By Dr Jon Coulston
Last updated 2011-02-17
Trajan's Column and the Tropaeum Traiani
Two monuments bearing sculptures depicting aspects of Trajan's Dacian Wars across the Danube (101 - 102 AD and 105- 106 AD) survive: Trajan's Column in Rome (112 AD) and the Trophy of Trajan (Tropaeum Traiani) in south-eastern Romania (108 - 109 AD). The Column depicts a loose narrative of the wars on a 200m-long helical frieze, which depicts more than 2,600 human figures, plus animals, architecture and scenery.
The frieze presents the army marching into Dacia, constructing military installations, fighting the local barbarians, besieging enemy fortresses and eventually driving the Dacian king, Decebalus, to suicide, and capturing his treasure. The latter went to pay for the massive complex of forum, basilica and libraries for which the Column was a central point.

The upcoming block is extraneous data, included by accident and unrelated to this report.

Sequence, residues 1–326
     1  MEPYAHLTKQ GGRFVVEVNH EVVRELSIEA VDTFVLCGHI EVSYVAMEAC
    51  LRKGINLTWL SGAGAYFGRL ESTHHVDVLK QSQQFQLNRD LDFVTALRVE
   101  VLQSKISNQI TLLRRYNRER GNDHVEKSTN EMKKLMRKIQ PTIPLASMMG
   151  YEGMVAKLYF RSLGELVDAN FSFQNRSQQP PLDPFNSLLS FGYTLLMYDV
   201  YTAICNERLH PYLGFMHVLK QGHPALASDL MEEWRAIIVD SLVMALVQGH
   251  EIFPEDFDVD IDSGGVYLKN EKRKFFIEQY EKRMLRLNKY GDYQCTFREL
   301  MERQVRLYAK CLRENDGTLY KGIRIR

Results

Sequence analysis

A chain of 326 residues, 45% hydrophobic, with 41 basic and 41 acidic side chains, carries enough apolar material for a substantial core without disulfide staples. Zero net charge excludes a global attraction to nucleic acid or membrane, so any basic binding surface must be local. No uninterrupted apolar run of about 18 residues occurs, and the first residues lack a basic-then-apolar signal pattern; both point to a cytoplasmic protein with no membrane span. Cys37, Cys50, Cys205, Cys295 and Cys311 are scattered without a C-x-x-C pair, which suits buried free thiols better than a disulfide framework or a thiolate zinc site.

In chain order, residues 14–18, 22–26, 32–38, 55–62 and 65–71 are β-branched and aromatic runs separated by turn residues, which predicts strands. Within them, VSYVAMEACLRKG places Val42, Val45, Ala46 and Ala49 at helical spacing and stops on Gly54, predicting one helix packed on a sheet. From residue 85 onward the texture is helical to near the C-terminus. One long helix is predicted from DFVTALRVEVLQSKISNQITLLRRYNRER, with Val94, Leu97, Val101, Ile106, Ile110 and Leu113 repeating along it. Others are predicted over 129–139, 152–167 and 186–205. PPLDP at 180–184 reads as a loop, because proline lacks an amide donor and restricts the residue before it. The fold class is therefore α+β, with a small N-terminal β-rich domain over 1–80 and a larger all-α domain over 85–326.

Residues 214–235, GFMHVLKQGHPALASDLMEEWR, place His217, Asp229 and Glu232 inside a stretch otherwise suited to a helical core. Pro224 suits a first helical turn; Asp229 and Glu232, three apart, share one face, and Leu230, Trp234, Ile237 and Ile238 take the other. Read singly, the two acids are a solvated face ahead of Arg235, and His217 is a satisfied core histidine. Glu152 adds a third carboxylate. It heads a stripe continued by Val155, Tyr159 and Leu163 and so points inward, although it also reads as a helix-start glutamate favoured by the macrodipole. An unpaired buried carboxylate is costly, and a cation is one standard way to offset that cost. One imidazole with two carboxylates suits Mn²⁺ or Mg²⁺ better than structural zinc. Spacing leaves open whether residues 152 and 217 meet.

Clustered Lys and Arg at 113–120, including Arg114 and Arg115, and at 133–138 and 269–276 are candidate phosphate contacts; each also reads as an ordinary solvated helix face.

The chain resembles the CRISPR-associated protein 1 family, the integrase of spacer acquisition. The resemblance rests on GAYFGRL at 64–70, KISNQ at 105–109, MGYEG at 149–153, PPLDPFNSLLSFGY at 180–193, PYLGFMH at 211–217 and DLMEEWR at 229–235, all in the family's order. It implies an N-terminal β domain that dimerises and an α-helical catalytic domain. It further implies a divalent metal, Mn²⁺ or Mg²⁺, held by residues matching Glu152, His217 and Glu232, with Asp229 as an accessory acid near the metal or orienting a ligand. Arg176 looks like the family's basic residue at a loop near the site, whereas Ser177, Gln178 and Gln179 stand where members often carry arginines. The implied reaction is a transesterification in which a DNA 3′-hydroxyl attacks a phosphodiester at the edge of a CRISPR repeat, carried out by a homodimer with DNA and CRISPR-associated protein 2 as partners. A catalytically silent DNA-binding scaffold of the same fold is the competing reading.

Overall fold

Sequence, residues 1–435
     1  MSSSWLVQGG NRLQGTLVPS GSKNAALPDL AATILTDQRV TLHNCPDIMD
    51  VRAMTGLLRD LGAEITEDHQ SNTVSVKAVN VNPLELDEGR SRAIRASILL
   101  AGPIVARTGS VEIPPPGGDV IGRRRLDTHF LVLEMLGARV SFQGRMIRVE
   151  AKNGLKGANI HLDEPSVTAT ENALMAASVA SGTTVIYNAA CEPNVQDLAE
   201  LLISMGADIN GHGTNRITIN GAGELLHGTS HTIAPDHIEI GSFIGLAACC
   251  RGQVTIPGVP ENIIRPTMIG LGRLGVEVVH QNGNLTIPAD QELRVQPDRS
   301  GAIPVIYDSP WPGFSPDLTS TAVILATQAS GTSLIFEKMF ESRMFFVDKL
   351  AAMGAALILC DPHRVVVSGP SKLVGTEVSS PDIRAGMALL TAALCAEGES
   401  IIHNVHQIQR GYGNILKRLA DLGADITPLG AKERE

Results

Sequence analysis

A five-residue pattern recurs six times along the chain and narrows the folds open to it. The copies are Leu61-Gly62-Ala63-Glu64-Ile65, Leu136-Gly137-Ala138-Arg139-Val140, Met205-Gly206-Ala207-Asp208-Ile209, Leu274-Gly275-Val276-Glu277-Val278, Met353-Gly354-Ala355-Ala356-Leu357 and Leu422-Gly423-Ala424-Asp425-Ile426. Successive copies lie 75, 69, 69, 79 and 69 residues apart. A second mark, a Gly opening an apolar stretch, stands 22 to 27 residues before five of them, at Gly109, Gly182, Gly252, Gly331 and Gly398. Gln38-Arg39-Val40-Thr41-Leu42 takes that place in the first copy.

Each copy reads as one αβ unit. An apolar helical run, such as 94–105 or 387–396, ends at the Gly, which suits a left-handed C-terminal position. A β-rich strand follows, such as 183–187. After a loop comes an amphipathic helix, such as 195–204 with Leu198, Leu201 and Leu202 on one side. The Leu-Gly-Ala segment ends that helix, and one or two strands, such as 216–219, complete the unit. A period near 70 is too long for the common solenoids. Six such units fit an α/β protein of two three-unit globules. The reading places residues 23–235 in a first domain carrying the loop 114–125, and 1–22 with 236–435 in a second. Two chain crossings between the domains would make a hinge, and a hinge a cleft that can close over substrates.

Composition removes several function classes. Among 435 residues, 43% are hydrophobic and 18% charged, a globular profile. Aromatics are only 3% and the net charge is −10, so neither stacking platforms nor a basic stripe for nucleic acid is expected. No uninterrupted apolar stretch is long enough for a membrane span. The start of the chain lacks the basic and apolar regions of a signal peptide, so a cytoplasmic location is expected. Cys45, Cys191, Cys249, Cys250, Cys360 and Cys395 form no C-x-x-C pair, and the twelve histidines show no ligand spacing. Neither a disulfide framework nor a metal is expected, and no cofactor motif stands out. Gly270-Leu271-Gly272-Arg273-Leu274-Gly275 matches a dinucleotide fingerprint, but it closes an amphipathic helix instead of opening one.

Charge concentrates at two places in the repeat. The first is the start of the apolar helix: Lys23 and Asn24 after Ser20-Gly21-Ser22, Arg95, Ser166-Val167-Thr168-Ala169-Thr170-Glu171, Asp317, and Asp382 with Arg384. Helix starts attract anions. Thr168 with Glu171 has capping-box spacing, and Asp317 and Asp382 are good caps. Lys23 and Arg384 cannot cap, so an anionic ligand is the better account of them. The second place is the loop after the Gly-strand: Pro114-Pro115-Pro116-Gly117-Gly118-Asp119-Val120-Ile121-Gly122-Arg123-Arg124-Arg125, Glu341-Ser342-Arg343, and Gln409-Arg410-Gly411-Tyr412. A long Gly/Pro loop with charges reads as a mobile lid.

The Tropaeum had a frieze of rectangular panels (metopes) each showing two or more figures of Romans and assorted barbarian enemies. Carved locally by legionary troops, these are a valuable foil for the metropolitan sculptures of the Column.
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